WILLIAMSTOWN -- Wintry weather dominated talk in the Berkshires on Saturday, but but those in the county’s small Asian community were celebrating an important holiday, the Chinese New Year, also known as the Lunar New Year.
Throughout her entire life, Mo Zhang, a language fellow at Williams College, has been accustomed to a grand celebration enjoyed in the company of family around this time featuring fireworks and a sea of decorative red lanterns.
This year, however, she welcomed the Year of the Snake in the Berkshires at a discreet gathering of Chinese faculty members at Williams College on Saturday.
When midnight struck, they started by eating boiled dumplings, she said.
"This is my first time not celebrating with my family," said Zhang prior to Saturday’s event. She admitted to being "quite sad" that she wouldn’t be with them on the important holiday.
Four generations removed from when her Chinese great grandfather came to California, Great Barrington resident Sharon Gregory said the lack of an Asian-American community won’t keep her from hosting an Chinese-style potluck today. She invites a group of friends on many years.
The butchers at Guido’s knew she’d be asking for the largest possible fresh duck.
"It’s a reminder of your roots," said Gregory about the celebration. "However people achieve that is important.
The Asian population in the Berkshires is a minuscule 1.6 percent, according to the 2010 census, but the Lunar New Year will be celebrated locally with specially prepared meals and, most importantly, in the company of family and friends.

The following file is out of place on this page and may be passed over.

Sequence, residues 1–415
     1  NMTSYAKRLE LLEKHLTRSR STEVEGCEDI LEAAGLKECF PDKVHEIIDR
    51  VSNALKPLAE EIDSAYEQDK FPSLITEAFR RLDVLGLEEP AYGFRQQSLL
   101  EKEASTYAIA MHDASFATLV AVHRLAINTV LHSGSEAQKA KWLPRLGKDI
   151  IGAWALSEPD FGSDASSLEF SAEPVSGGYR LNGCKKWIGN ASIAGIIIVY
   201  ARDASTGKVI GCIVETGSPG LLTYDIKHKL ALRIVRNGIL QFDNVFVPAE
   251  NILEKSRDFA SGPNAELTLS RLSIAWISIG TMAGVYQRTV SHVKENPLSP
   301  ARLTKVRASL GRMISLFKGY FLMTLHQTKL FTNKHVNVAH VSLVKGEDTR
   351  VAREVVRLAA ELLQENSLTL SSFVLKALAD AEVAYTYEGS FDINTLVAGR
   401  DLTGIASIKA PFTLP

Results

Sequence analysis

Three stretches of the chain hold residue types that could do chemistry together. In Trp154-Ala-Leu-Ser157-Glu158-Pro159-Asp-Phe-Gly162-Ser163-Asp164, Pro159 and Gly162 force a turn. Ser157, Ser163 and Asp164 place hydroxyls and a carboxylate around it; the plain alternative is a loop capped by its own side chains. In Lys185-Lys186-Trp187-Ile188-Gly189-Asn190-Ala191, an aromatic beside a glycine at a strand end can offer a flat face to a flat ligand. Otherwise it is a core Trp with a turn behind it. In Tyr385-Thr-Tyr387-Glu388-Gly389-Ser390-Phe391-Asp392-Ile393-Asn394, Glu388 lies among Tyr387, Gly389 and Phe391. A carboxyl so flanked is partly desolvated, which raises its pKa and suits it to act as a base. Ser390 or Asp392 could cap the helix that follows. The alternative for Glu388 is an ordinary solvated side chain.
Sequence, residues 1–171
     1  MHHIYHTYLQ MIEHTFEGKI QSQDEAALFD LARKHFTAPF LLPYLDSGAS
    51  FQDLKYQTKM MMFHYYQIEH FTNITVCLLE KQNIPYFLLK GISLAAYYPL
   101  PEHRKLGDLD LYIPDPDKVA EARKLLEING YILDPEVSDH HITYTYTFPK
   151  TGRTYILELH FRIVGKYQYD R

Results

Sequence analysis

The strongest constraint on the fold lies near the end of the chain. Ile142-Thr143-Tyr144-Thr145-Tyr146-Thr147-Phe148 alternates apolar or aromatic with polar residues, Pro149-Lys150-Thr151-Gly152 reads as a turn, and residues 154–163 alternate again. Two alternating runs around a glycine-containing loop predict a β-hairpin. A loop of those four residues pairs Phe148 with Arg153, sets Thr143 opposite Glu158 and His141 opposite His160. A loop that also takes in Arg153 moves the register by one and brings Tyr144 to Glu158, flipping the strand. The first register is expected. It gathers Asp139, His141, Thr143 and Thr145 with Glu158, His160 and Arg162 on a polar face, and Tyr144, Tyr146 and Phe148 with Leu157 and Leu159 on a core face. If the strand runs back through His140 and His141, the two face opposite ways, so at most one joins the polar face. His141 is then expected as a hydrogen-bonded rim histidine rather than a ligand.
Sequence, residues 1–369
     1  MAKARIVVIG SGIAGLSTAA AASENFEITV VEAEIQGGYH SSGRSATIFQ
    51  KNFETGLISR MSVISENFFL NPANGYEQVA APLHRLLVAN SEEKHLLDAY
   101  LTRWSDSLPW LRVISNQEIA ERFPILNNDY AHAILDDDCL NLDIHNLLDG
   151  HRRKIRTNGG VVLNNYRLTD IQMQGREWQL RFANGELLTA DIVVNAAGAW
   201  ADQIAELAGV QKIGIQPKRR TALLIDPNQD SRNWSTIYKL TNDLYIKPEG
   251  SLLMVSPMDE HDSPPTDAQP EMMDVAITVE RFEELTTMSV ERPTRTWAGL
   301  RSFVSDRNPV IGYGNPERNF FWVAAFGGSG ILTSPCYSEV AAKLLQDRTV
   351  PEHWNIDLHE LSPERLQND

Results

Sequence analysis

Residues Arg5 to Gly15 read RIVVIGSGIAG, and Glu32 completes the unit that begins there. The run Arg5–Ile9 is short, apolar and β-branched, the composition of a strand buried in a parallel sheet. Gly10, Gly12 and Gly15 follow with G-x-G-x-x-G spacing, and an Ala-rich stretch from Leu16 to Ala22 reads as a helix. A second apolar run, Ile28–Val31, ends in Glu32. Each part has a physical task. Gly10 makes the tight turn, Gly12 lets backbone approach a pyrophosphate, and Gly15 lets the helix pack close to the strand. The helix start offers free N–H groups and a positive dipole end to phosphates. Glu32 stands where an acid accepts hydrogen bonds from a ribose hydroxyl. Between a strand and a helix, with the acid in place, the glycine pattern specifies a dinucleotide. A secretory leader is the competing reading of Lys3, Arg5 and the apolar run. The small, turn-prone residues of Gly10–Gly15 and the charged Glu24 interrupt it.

The Lunar New Year celebrating normally begins the day before and continues for 15 days until the next full moon appears.
"It’s considered the beginning of moving into spring," Williams College Associate Professor Christopher Nugent said. "The harvest was a while ago" and people are enjoying what remains, he said.
Gregory said in addition to the potluck, she’ll also hold a celebration with parents with adopted Chinese children.
Gregory finds the time to make a special drive outside of Berkshire County to get the ingredients she needs and she’ll spend extra time in the kitchen to prepare food that can range from spare rib dishes to special noodles to steamed fish.
And, of course, as she does every year, she’ll find time to call family members.
In year’s past, Thang Huynh, who owns Spice Dragon in Pittsfield, would commute to New York or Boston to participate in larger celebrations.
But this year it will be a special meal with his family members who immigrated from Vietnam after the Vietnam War.
"It’s a good time to celebrate and be thankful," Huynh said.
Back in China, Zhang said there will be families celebrating the new year by going to temple and wearing new clothes. Children will eagerly receive small red envelopes with money. There are superstitions that includes not throwing away anything because that can be equated to throwing away money.
Americans are well into 2013, but Zhang said that she’s still waiting until Sunday to embrace the new year.
"In my mind it’s like still 2012 to me, sort of."